Tuesday, February 5, 2019
Court of Appeal:
By a MetNews Staff Writer
The Court of Appeal for this district yesterday said that a clothing retailer who requires its employees to call in two hours prior to a potential shift to find out whether they must report to work that day must pay those employees, under the applicable wage order, for being “on-call”
Presiding Justice Lee S. Edmon of Div. Three wrote the opinion. Justice Anne H. Egerton, in a concurring and dissenting opinion, maintained that an employee is only on-call if he or she physically reports to the place of employment.
The plaintiff in the putative class action, Skylar Ward, sued her employer, Tilly’s, Inc., over its scheduling policy. Los Angeles Superior Court Judge Elihu Berle sustained the defendant’s demurrer without leave to amend, ordering the case dismissed.
Berle found that the call-in policy did not qualify as compensable “reporting time” under the Industrial Welfare Commission’s wage order 7, governing mercantile industry employees.
“[O]n-call shifts burden employees, who cannot take other jobs, go to school, or make social plans during on-call shifts—but who nonetheless receive no compensation from Tilly’s unless they ultimately are called in to work. This is precisely the kind of abuse that reporting time pay was designed to discourage.”
Wage order 7 sets forth in relevant part:
“Each workday an employee is required to report for work and does report, but is not put to work or is furnished less than half said employee’s usual or scheduled day’s work, the employee shall be paid for half the usual or scheduled day’s work, but in no event for less than two (2) hours nor more than four (4) hours, at the employee’s regular rate of pay, which shall not be less than the minimum wage.”
Edmon noted that despite both parties’ insistence that the phrase “report for work”—which the wage order does not define—is unambiguous, each offered differing interpretations of the term. Tilly’s argued that reporting for work means physically appearing at the place of employment, while Ward contended it means any manner of “reporting,” be it physically or remotely.
The jurist responded by saying that “the text of Wage Order 7, alone, is not determinative of the question before us.”
She turned instead to the legislative history behind the order, which was adopted in the 1940s. She said:
“Telephonic reporting requirements appear to be of recent vintage, and, indeed, the cell phone technology that makes such telephonic reporting feasible did not exist until many decades after the reporting time pay requirement was enacted. We therefore agree with Tilly’s and the dissent that ‘at least in 1947, the phrase report [for] work meant physically showing up.’…Put simply, that is how an employee reported for work in the 1940’s.”
Edmon noted, however, “that the IWC’s purpose in adopting reporting time pay requirements was two-fold: to ‘compensate employees’ and ‘encourag[e] proper notice and scheduling.’ ”
“We conclude that had the IWC confronted the issue, it would have determined, as we do, that the telephonic call-in requirements alleged in the operative complaint trigger reporting time pay. We note as an initial matter that the on-call practices plaintiff alleges have much in common with the specific abuse the IWC sought to combat by enacting a reporting time pay requirement in 1942….This permits employers to keep their labor costs low when business is slow, while having workers at the ready when business picks up. It thus creates no incentive for employers to competently anticipate their labor needs and to schedule accordingly.”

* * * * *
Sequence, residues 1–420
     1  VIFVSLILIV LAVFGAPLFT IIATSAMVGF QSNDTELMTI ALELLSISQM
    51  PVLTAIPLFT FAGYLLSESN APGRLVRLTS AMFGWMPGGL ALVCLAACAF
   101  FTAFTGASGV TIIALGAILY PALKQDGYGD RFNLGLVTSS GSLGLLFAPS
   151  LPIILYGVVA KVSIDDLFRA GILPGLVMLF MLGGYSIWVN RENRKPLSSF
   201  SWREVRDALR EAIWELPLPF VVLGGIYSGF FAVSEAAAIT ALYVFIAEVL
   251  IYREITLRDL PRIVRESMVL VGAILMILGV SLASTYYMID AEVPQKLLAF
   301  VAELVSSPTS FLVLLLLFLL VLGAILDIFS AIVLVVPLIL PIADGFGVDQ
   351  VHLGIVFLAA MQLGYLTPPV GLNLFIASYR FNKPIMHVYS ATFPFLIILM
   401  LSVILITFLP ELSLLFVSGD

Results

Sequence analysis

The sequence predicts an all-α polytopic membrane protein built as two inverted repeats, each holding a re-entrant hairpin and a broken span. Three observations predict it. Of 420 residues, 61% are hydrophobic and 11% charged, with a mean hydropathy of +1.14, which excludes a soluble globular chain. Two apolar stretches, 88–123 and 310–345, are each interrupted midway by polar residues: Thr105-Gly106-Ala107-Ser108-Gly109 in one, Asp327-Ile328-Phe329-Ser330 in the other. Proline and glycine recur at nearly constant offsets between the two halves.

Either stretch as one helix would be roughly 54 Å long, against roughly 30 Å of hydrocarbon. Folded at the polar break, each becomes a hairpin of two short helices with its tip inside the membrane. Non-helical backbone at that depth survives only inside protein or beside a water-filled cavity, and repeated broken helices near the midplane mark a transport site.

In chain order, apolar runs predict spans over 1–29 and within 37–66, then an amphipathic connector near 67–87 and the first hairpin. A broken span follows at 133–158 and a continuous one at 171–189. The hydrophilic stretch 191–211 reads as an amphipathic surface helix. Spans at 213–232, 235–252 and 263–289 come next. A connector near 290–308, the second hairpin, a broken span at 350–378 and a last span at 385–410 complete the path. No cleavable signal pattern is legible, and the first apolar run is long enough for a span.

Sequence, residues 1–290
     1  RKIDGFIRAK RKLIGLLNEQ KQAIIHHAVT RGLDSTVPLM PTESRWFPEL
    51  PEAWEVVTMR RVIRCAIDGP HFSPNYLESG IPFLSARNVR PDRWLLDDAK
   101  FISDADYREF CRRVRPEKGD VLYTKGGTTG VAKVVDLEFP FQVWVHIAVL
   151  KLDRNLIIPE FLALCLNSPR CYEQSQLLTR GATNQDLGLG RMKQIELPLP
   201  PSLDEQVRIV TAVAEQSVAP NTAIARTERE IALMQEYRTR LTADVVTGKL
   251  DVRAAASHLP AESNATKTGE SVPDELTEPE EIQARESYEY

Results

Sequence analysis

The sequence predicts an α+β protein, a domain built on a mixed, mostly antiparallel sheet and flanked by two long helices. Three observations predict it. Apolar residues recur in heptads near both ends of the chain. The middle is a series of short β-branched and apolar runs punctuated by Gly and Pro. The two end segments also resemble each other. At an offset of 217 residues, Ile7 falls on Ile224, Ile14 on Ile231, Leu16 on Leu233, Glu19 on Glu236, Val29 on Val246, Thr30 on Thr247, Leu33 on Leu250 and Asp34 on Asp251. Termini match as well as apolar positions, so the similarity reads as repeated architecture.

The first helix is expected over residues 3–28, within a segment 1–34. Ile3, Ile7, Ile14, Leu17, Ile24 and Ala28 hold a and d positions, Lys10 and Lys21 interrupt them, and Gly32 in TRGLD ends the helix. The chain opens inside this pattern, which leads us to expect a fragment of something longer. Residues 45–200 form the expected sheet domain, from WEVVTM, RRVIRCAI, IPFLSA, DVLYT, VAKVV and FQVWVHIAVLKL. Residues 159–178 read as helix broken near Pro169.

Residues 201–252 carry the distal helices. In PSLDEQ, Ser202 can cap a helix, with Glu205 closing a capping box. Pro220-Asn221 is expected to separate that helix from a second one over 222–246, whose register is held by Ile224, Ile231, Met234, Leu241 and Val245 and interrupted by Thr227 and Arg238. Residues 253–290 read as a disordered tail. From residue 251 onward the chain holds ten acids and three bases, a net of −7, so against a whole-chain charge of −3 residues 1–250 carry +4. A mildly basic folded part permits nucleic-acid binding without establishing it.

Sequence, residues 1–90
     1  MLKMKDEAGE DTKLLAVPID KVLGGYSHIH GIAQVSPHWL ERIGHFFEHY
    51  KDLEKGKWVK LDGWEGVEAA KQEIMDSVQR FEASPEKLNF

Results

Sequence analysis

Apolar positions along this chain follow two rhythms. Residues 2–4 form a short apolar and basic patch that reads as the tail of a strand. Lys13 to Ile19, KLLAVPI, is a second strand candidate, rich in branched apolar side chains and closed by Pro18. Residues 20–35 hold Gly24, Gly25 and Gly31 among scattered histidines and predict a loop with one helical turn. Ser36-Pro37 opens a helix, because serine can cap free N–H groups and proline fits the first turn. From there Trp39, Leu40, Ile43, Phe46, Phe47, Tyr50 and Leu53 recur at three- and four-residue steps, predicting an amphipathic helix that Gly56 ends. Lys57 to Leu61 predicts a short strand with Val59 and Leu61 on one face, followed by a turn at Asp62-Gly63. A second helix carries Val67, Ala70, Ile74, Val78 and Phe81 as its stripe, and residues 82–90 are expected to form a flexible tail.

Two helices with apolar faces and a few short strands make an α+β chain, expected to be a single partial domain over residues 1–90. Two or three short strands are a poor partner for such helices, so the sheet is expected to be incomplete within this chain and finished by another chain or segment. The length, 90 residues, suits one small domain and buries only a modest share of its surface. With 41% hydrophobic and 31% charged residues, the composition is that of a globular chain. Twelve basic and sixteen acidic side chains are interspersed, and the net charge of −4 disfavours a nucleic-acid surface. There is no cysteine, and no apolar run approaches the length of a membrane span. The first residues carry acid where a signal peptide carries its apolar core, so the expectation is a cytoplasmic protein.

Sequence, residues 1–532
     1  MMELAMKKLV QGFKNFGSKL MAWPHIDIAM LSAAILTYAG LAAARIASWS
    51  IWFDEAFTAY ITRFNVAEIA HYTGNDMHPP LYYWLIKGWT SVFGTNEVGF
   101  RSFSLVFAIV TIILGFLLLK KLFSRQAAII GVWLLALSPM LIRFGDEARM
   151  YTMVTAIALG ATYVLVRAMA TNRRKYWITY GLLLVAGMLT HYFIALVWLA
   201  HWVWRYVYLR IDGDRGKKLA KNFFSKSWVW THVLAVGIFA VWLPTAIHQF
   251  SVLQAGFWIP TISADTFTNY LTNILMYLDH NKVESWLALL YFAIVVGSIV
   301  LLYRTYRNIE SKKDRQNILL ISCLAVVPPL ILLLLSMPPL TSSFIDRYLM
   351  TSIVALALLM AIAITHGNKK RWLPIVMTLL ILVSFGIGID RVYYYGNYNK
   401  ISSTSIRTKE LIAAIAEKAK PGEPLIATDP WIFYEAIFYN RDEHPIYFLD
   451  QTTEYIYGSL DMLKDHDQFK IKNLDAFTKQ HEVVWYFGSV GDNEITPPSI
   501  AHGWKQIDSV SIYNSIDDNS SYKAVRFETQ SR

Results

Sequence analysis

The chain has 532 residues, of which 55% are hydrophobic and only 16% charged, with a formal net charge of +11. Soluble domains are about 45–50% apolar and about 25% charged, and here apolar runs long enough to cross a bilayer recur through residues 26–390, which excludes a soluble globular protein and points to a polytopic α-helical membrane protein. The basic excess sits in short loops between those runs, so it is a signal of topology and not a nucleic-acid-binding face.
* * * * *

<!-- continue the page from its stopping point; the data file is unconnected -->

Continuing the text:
Egerton relied on an opinion by U.S. District Judge George Wu of the Central District of California, who in 2014 examined wage order 7’s legislative history in a class action brought against Victoria’s Secret by Mayra Casas. (Despite Wu’s reading of the wage order, that lawsuit resulted in a $12 settlement for the plaintiffs, who had been subject to a similar call-in shift scheme.)
Wu had relied on a prior version of the wage order that barred employers from requiring a female employee to report to work between 10 p.m. and 6 a.m. unless suitable transportation was available for her, using the same “report for work” phraseology. He opined that such usage required a reading of the term to mean physically going to work, saying:
“Nothing in the legislative history indicates that the IWC ever altered this meaning. Indeed, the phrase ‘[e]ach day an employee is required to report for work and does report’ has remained unchanged throughout later versions of the Wage Order. This consistency strongly suggests that the IWC intended the phrase ‘report for work’ to have the same meaning as in prior orders.”
“There is more, much more. The legislative history consumes some 18,000 pages. But discussions of legislative history can waterlog the most buoyant reader. Suffice it to say here that no objective reader can study this complete legislative history and disagree with Judge Wu.”
The case is Ward v. Tilly’s, Inc., B280151.
Ward was represented by Patrick McNicholas and Michael J. Kent of McNicholas & McNicholas in Los Angeles; Scott H. Sims of Frank Sims & Stolper in Newport Beach; Michael A. Artinian of Bridgfor, Gleason & Artinian in Newport Beach; and Andrew N. Chang, Holly N. Boyer and Steffi A. Jose of Esner, Chang & Boyer in Pasadena. Counsel for Tilly’s were Apalla U. Chopra, Adam J. Karr, Ryan Rutledge and Briana LaBriola of O’Melveny & Meyers’s Los Angeles and Newport Beach offices.
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